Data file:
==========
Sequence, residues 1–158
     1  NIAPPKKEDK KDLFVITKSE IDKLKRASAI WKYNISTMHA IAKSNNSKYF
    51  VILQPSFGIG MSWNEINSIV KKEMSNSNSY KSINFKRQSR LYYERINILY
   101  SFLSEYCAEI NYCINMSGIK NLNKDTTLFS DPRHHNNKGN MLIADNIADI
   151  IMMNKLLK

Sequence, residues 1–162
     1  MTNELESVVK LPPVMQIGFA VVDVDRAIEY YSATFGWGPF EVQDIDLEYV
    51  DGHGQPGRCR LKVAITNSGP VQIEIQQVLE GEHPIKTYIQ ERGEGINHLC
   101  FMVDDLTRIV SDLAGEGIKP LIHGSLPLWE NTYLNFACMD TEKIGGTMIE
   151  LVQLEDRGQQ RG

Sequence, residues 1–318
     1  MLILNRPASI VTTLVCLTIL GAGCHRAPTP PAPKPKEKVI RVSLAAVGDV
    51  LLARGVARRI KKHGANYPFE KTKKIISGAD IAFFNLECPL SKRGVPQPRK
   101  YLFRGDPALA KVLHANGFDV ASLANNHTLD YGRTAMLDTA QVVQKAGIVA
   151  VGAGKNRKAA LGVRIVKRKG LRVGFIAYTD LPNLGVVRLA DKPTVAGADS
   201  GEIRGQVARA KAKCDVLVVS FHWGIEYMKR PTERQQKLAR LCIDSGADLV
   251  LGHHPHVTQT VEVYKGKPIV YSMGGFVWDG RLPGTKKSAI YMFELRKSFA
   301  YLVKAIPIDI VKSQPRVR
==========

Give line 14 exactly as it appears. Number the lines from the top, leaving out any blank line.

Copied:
   101  YLFRGDPALA KVLHANGFDV ASLANNHTLD YGRTAMLDTA QVVQKAGIVA